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Alaskans should think about all aspects of hunting

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Posted: Sunday, September 25, 2011 12:24 am | Updated: 1:28 pm, Wed Jan 16, 2013.

DELTA, Alaska - In my last column I lamented about the state of hunting in Alaska. I would like to see more bow-hunting-only opportunities in the state and did a little sleuthing to see in fact how many of these hunts existed in the Interior.

Here in Fairbanks I found a couple of opportunities. One is a “bull only” hunt at Creamer’s Field using a harvest ticket and runs in two phases: Sept. 1-30 and Nov. 21-27. Another hunt is for an antlerless moose at Creamer’s Field with a permit and runs Sept. 1- Nov. 27.

A muzzleloader season is open there by permit from Nov. 21- Nov. 27. In the Fairbanks Management Area, archers can take a bull with a harvest ticket from Sept. 1- Sept. 30, or from Nov. 21-27.

So if you have seen a nice bull in your neighborhood, you are legally allowed to shoot it with a bow and arrow in the Fairbanks Management Area. Of course, all other areas of Alaska that have regular hunting seasons are open to bow hunting at the same time. My point is why not have separate openings for bow-only hunts? Another bow-hunting opportunity exists in area 20 B, the drainage of the Middle (East) Fork of the Chena River. This bull-only hunt runs from Sept. 21- Sept. 30.

One more bow-only hunt is still going on in the Salcha River drainage upstream from and including Goose Creek from Sept. 21- Sept. 30 for bulls only. So for those of you out there who like to bow hunt, and perhaps enjoy a little more solitude and a little less hum from hoards of ATV and boat hunters, there’s still time to bag your moose right here in the Fairbanks area. Maybe if more hunters asked for bow-only hunts, we would get our wish.

I’d like to share parts of a commentary about “foot hunting” submitted to me by JV from Fairbanks:

As have virtually all modern American hunters, I’ve burned a lot of fuel hunting over the years. Residents of Fairbanks with some dedication and perseverance to archery skills may actually have it better than anyone in the state in terms of required financial investment for hunting success. Due to the “any bull” “archery only” harvest ticket hunt, Fairbanks might be the only American city where one can walk from their home and harvest a moose with relatively very little fossil fuel inputs, and thus very little relative cost.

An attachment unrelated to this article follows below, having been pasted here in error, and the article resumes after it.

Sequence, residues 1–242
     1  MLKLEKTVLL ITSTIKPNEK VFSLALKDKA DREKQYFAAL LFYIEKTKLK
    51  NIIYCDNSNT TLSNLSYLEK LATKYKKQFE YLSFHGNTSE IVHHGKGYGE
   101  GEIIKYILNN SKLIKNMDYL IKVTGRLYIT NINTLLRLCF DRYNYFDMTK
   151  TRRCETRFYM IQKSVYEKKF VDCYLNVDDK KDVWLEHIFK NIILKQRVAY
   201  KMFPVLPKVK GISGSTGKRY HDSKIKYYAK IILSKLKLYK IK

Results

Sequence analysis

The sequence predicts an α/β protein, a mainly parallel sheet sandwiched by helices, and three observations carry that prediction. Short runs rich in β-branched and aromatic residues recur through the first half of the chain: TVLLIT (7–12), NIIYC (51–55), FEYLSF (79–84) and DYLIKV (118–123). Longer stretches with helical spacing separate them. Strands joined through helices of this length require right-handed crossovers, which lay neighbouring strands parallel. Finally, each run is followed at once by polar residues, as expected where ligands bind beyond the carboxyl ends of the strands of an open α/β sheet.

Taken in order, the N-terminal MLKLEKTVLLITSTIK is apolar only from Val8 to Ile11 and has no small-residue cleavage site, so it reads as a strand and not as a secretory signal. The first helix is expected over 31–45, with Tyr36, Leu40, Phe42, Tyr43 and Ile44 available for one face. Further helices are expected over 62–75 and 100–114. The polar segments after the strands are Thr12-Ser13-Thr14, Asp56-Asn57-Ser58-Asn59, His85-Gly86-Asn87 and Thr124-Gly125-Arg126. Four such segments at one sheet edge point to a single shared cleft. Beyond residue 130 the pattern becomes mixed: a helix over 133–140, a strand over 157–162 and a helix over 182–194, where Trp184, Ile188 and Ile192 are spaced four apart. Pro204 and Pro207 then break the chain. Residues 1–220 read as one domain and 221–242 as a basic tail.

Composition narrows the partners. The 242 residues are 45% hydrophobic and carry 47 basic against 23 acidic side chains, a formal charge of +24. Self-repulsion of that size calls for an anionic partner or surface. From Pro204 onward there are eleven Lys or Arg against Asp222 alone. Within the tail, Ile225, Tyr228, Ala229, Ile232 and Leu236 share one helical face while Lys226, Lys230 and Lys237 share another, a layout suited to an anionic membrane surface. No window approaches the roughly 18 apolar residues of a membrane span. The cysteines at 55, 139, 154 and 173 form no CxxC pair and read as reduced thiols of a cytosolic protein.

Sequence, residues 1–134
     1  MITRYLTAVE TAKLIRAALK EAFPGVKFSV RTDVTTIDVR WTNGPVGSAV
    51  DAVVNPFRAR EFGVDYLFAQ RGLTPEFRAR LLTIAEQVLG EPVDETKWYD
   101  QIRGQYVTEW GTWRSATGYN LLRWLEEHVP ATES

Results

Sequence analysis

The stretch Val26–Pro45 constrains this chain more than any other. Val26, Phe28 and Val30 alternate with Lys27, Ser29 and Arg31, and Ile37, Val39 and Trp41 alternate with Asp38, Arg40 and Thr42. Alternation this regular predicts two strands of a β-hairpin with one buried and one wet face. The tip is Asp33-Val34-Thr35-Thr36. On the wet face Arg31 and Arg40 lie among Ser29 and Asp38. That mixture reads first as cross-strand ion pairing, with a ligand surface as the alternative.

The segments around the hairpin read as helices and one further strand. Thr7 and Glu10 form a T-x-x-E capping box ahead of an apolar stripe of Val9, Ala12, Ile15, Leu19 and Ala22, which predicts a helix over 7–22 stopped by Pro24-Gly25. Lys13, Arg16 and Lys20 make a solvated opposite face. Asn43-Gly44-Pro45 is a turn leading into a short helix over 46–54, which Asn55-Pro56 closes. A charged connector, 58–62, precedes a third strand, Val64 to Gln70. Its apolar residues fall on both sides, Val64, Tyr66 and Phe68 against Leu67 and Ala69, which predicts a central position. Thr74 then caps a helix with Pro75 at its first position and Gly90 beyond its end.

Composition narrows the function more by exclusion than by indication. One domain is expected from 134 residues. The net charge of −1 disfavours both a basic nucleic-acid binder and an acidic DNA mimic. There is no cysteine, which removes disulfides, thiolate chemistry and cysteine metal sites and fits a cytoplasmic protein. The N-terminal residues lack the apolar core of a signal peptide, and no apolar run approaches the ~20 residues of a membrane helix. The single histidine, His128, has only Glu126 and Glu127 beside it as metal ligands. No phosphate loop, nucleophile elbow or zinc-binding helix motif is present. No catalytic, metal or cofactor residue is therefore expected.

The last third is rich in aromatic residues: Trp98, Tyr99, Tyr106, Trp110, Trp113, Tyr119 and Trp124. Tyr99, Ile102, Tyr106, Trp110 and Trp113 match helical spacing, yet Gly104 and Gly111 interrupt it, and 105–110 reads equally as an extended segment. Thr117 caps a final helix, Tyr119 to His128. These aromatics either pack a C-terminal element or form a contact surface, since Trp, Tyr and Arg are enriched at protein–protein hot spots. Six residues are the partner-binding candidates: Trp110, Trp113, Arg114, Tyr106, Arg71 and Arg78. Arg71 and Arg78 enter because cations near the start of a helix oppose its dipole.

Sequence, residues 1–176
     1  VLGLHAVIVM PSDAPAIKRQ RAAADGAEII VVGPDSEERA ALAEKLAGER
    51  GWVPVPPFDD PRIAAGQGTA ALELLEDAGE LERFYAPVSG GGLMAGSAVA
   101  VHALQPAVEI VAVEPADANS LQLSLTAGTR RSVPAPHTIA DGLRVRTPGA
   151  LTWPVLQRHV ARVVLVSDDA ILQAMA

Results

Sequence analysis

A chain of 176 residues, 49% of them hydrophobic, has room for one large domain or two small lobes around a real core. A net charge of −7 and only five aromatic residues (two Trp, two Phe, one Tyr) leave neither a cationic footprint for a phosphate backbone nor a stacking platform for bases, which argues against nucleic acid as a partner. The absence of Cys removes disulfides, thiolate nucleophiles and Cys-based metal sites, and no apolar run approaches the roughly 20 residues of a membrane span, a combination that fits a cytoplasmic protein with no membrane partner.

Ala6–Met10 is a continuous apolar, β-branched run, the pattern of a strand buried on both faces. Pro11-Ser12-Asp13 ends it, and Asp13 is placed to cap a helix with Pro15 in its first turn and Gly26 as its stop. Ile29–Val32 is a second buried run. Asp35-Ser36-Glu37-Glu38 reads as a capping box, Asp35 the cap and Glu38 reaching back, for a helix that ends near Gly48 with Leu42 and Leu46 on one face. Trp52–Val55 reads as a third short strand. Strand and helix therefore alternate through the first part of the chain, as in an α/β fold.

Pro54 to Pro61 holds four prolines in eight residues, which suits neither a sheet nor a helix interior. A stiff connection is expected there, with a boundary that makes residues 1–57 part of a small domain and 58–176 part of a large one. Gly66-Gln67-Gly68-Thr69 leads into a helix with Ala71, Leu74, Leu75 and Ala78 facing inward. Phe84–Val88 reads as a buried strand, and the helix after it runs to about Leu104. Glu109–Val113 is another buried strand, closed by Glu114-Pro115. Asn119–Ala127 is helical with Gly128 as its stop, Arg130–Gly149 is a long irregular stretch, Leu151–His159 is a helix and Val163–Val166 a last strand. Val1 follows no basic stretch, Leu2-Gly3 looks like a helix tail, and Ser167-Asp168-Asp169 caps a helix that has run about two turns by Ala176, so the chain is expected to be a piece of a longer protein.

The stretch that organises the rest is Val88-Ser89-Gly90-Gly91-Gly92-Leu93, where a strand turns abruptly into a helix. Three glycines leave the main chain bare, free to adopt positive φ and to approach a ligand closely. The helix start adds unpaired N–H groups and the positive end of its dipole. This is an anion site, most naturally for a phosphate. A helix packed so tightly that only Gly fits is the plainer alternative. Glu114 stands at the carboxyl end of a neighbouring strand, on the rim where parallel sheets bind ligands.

One year I made this my big hunt. I walked from my cabin every day with a longbow and eventually found myself carrying my season’s moose meat home without ever firing up a motor, or a firing pin. As someone who is greatly concerned about our society’s dependence upon fossil fuels, this was highly satisfying. On a deeper level, the contribution to my awareness of what it means to be a hunter — both physically and mentally — was indispensable.

But before you accuse me of being unrealistic or ideological, I’ll assure you that I know the reality of hunting, of access, of packing out meat. Packing out meat long distances on Alaska terrain by foot is probably the most difficult thing I have ever done but also the most rewarding. I actually look forward to it and see the task of hauling meat as part of the hunt, a very critical part. In fact, I am willing to posit that no one has actually learned what it is to be a hunter until they learn the logistics of packing meat and caring for meat over multiple days in the field.

I am not going to put myself on a pedestal. I have done my fair share of road hunting, flying around, etc. I have pulled a boat right up to a downed moose and had the luxury of carrying the quarters 5 feet and dropping them in the hull. More importantly, I know that our elders and permanently injured cannot get out and hunt long distances on foot, and because I feel that hunting is such an important part of human culture, health, and awareness I do not wish to keep such people from participating by being militant. However, hunting in America is in a crisis as a result of its dependence upon machines, and all of us who care about its practice, about providing ourselves a wonderful source of wild, organic protein, and most importantly, about the integrity of our relationships with wild animals and wild nature, need to immediately reconsider our approach and our attitude.

In solidarity with the foot hunters of the future!

If you’d like to read JV’s whole commentary, I can send it to you by e-mail. He makes many other great points about the state of hunting in Alaska. Where do you stand on this issue?

Brookelyn Bellinger is an independent filmmaker and author of the book “The Frozen Toe Guide to Real Alaskan Livin’.” Send your questions to brookelynbellinger@hotmail.com.

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